Goa is one of the most liveable states in the country, permits a good quality of life, is relatively safe and is well-connected to the rest of India and the world.
Location is a key determinant of how good a college or university is or will become, especially in India. Cities are nearly always better in this regard. Small, highly urbanised states like Goa are also good locations but they need more support from state governments.
All things being approximately equal, an institution at a better location – understood as one which permits access to modern amenities such as city life, good schools and medical care; offer employment opportunities for spouses; and law and order – is more likely to attract and retain competent and well-qualified faculty than another at a less desirable place. Over time, the former attract more students and better students. This combination of well-qualified faculty and good students typically serves as a solid foundation for building good institutions or elevating the quality of pre-existing ones.
Of course, for colleges and universities to become ‘good’ and begin to count as such, other ingredients are necessary as well: adequate infrastructure, financial resources and an enabling administrative architecture, to name a few. These are all needed to attract and retain qualified faculty and to attract better students. However, location matters a lot, certainly much more than it is believed.
India’s major education centres are in cities
If one maps the best Indian colleges and universities, they are primarily in/or close proximity to large cities or those liveable cities which offer access to modern amenities. They may not have some of the other ingredients in plenty but because of the location advantage, they prosper more than those institutions which are disadvantaged by their location.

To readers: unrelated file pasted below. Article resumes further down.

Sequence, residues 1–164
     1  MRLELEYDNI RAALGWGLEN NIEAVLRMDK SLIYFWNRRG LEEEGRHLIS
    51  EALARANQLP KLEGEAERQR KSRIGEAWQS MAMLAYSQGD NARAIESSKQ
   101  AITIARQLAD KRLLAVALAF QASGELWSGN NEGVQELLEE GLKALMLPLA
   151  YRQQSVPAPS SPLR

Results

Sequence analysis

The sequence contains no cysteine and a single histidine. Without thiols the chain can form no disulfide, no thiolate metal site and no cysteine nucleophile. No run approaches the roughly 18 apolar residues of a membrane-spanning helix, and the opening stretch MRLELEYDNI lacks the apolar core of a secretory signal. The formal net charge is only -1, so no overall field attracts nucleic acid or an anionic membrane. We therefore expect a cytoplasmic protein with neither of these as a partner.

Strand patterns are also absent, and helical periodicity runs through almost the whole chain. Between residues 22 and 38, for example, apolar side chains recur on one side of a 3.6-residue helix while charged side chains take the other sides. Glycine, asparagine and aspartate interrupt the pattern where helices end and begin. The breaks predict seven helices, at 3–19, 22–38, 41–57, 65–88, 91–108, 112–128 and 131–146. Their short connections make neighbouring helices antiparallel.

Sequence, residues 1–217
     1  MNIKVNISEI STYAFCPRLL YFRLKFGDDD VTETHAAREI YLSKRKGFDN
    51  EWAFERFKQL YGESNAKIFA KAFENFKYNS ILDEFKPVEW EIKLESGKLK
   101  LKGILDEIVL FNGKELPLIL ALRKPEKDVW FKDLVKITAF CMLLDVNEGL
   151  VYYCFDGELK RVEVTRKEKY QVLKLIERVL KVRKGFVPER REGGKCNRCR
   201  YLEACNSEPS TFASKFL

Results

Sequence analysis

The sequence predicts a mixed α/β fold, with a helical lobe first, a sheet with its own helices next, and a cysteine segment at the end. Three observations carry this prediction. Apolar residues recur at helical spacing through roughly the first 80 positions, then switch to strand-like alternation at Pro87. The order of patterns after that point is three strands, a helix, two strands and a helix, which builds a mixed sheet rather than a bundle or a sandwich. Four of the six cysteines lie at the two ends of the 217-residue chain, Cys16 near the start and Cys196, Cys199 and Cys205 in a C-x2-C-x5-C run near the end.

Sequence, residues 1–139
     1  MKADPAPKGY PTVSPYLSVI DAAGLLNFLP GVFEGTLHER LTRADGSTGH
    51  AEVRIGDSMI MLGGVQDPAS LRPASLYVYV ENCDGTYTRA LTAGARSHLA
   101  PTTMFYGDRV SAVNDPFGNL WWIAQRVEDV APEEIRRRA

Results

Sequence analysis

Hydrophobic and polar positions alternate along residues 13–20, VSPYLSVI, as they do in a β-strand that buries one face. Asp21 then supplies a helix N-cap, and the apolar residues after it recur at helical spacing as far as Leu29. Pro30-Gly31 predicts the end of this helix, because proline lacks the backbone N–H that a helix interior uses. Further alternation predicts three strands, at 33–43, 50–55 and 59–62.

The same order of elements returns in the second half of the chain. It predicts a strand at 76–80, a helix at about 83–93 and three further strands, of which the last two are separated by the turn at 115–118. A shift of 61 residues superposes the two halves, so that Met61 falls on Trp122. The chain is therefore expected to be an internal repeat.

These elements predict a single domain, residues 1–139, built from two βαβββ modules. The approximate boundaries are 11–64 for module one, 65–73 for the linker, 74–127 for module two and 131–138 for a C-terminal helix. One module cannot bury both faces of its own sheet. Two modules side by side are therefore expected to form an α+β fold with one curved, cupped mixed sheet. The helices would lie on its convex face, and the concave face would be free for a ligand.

In a survey I conducted in 2013, I found that India’s best undergraduate institutions in arts, commerce and science are heavily concentrated in tier 1 cities (population > 25 lakh). More than 90% of the top 50 institutions in each of the three areas were in tier 1 cities. The one half-exception was engineering colleges, with only 38% of the top 50 institutions located in tier 1 cities. However, fully 82% of the best engineering colleges are either in tier 1 or tier 2 cities (population 5-25 lakhs). Overall, at that time, nearly 80% of the top 200 institutions across arts, science, commerce and engineering were in tier 1 cities: New Delhi (37), Mumbai (33), Bengaluru (26), Chennai (23), and another 34 spread across Ahmedabad, Kolkata, Hyderabad and Pune. I doubt that the numbers have changed much.
If I have my doubts about how successful Nalanda University will be, a large part of the skepticism comes from its location in rural Bihar, a state which is among the least developed in the country. If someone insists that the law and order situation in the state will have no impact on the university’s success, she is in denial. If I am optimistic about the success of Shiv Nadar University, Ashoka University or the South Asian University, it is because of their location in the National Capital Region (NCR).
Goa as a higher education hub
In the months leading up to the 2014 general elections, PM Narendra Modi declared that the government would be building more IITs and IIMs, one of each in every state. The decision came in for criticism for good reasons. Since 2006, India has more than doubled its IITs and IIMs and most of the new institutions are still to take off. Many are under construction after more than a few years and both new and old ones are short of qualified faculty. Unsurprisingly, there are genuine worries about the dilution of Brand IIT. Leaving aside the merits of building more IITs, IIMs and central universities, however, what was of interest in the prime minister’s announcement from Goa’s perspective was the government’s decision to build an IIT there.